Calories – An Overview from our Dietician
Calories – an overview
What is a calorie?
The amount of energy in an item of food and drink is measured in calories. The energy we take in via calories is important as it is needed to fuel all of our body’s internal processes as well as our physical movements such as breathing and our daily activities (1).
An average man needs 2500 calories per day and an average woman needs 2000 calories per day however these values vary depending on the person’s size, age, level of physical activity among others – not everyone needs exactly the same amounts. To put it simply, if we eat more calories than we require over a sustained period of time, these excess calories or energy is stored as body fat, leading to us becoming a higher weight.
A way of losing excess weight is to reduce the calories we take in and/or increase the amount we expend through exercise to create a calorie deficit. The calorie deficit means that our body will use its fat stores as energy, which creates a weight loss. The bigger the calorie deficit, the greater the weight loss. However, it is important that if you do consider long-term management and sustainability of a diet when considering a weight loss plan.
Are all created calories equal?
The answer to this can be both yes and no.
The answer is yes in that 100 calories of apple provides the same amount of energy as 100 calories of sweets however, as most of us know, these are two very different foods and aside from their energy content, have profoundly different effects on the body and are processed in different ways so in that way the answer is also no.
To understand this we need to think about what each of these foods contains in more detail, an apple contains fibre, a type of carbohydrate, alongside natural sugar, the fibre content of the apple allows the sugars to be digested more slowly and so they do not cause our blood sugars to rise as quickly as they would if we ate the same amount of calories from sweets. Foods with a high glycaemic index, such as sweets or refined grains, cause a sharp rise in our blood sugars and can lead to increased hunger and cravings compared to foods that do not affect our blood sugars as much, and can lead to us to consume more calories later in the day.
The three macronutrients, protein, carbohydrate and fat are all broken down by the body in different ways. It takes a little more energy for us to break down protein than it does for us to break down either fat or carbohydrate (2), therefore a diet a little higher in protein can help us with our energy balance and weight management.
Protein is also the most satiating of the three macronutrients (3) due to its effects on our hunger hormones (4) and so foods with an increased protein content can help to reduce hunger and food intake aiding with both weight loss and weight maintenance.
Fat, protein and carbohydrate also contain different amounts of calories per gram. Fat for example contains 9 calories per gram whereas carbohydrate and protein both contain 4 calories per gram (5). Therefore lowering intake of foods high in fat, such as fast and processed foods can help to reduce the amount of calories we take in.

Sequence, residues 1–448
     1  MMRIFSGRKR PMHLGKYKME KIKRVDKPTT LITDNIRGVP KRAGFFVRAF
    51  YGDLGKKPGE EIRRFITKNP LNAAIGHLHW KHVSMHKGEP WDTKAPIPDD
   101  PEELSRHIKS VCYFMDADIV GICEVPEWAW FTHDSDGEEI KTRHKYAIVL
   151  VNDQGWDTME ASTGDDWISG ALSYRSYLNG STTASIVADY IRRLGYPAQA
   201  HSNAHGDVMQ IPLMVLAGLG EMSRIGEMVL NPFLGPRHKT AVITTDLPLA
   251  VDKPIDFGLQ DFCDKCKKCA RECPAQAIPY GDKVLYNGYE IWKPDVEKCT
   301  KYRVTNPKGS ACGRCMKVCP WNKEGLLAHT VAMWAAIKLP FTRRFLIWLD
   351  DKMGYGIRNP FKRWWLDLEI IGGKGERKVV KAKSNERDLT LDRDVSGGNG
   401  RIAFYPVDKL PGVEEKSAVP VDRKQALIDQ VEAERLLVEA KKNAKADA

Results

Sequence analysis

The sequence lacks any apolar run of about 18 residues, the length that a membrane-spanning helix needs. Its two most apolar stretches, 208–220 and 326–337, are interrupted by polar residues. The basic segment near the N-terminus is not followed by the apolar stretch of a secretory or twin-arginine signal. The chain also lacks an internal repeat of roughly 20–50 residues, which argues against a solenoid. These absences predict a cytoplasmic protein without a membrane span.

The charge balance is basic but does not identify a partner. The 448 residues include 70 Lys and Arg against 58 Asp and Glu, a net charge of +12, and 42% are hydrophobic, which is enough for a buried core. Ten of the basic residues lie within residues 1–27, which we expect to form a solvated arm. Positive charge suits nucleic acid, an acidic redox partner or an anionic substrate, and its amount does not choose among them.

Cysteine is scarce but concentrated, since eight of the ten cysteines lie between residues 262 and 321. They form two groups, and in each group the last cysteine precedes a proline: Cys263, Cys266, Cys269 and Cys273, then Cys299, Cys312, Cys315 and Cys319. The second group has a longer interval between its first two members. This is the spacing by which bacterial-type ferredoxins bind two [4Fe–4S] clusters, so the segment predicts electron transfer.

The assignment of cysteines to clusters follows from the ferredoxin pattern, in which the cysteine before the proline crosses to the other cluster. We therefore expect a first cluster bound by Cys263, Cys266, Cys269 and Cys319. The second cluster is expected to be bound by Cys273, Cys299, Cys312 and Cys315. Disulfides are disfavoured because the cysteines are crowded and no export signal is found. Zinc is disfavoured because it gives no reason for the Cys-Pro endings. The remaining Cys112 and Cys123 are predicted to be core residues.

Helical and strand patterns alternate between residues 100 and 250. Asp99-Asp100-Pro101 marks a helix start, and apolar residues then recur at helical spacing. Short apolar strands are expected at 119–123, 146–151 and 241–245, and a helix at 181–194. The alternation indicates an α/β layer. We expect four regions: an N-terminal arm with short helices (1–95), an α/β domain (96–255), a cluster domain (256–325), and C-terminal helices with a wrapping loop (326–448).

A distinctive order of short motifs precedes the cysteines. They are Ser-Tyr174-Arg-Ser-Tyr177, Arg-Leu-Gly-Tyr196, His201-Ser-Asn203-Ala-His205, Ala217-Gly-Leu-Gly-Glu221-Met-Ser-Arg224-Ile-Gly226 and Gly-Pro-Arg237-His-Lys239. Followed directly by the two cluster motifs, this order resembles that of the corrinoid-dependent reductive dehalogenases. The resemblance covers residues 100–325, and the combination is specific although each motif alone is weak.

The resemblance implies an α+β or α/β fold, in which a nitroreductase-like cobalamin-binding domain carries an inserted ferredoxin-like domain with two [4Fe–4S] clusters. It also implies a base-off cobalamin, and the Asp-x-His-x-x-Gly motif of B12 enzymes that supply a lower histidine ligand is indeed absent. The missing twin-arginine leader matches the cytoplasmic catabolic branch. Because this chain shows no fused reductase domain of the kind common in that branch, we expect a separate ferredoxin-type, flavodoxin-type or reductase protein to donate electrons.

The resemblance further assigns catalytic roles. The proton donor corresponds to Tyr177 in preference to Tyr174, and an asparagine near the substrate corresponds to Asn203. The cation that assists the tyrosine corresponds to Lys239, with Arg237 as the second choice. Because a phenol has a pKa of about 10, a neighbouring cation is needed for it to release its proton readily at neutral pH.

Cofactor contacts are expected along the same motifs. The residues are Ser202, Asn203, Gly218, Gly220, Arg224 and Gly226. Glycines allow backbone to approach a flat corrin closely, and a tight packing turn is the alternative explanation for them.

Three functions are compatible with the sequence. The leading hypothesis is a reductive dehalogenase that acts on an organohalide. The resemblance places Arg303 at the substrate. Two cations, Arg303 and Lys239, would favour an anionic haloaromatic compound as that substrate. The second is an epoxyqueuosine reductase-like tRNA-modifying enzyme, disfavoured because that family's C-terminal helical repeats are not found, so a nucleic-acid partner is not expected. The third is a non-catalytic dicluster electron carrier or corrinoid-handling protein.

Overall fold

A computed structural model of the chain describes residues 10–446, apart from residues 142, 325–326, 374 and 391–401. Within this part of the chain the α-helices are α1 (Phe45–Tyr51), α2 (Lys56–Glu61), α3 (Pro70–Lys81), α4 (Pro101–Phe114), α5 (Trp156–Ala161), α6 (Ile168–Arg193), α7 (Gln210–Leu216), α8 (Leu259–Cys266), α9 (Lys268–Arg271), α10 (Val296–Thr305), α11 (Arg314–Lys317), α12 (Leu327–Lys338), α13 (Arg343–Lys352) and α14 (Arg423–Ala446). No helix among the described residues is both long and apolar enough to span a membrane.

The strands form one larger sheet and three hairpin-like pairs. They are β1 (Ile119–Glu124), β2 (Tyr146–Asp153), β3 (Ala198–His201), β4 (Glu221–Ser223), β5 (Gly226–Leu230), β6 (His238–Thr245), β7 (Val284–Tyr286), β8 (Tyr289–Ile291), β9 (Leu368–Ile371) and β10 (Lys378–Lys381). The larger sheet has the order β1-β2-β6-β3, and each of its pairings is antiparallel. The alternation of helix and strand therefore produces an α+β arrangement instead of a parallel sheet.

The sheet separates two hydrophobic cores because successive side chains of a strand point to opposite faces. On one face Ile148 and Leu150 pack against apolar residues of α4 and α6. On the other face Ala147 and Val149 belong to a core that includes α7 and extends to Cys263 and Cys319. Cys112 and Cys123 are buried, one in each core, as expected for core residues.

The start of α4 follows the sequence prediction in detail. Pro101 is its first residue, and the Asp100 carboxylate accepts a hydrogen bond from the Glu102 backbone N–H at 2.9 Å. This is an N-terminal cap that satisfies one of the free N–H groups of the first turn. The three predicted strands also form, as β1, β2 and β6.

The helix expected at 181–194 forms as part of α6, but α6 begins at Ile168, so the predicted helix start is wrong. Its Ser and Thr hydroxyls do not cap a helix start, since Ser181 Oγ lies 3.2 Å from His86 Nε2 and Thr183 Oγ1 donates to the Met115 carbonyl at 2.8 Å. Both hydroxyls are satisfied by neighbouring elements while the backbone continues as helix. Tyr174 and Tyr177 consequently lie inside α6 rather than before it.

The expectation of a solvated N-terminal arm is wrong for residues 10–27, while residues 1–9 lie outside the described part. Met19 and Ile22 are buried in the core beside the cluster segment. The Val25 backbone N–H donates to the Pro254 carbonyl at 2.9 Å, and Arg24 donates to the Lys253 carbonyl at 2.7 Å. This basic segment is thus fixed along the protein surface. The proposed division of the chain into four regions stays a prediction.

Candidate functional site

Should we count calories?
Calorie counting is not essential for weight loss, but it can be a useful tool for some. Calorie counting, especially when doing it for the first time can be very insightful and will provide education on which foods have higher amounts of calories and which foods have lower amounts of calories so can help to guide your choices. Calorie counting doesn’t need to be a long-term intervention. Once you feel educated on calorie values, you can move more towards a state of calorie awareness whereby you may use calories to guide your choices on occasion, but not all things in your diet are rigidly counted.
However, some people may not find calories useful, and calorie counting may have a negative effect on some people. Different things work for different people so be receptive to what works for you and what doesn’t.
The bottom line
A focus on calories isn’t essential for weight loss or good health but calories can be a useful indication of the energy content of different foods which can be useful when somebody is trying to manage their weight. Calories are one part of the nutritional profile of a food, so don’t forget about the importance of nutrient provision too.
- Understanding calories – NHS [Internet]. [cited 2021 Feb 25]. Available from: https://www.nhs.uk/live-well/healthy-weight/understanding-calories/
- Westerterp KR. Diet induced thermogenesis. Nutr Metab). 2004 Aug 18;1(1):5. doi: 10.1186/1743-7075-1-5. Available from: https://www.ncbi.nlm.nih.gov/pmc/articles/PMC524030/
- Weigle DS, Breen PA, Matthys CC, Callahan HS, Meeuws KE, Burden VR, et al. A high-protein diet induces sustained reductions in appetite, ad libitum caloric intake, and body weight despite compensatory changes in diurnal plasma leptin and ghrelin concentrations. Am J Clin Nutr [Internet]. 2005 [cited 2021 Feb 25];82(1):41–8. Available from: https://pubmed.ncbi.nlm.nih.gov/16002798/
- Lejeune MPGM, Westerterp KR, Adam TCM, Luscombe-Marsh ND, Westerterp-Plantenga MS. Ghrelin and glucagon-like peptide 1 concentrations, 24-h satiety, and energy and substrate metabolism during a high-protein diet and measured in a respiration chamber. Am J Clin Nutr [Internet]. 2006 Jan 1 [cited 2021 Feb 25];83(1):89–94. Available from: https://pubmed.ncbi.nlm.nih.gov/16400055/
- What is energy? – British Nutrition Foundation [Internet]. [cited 2021 Feb 25]. Available from: https://www.nutrition.org.uk/healthyliving/basics/what-is-energy.html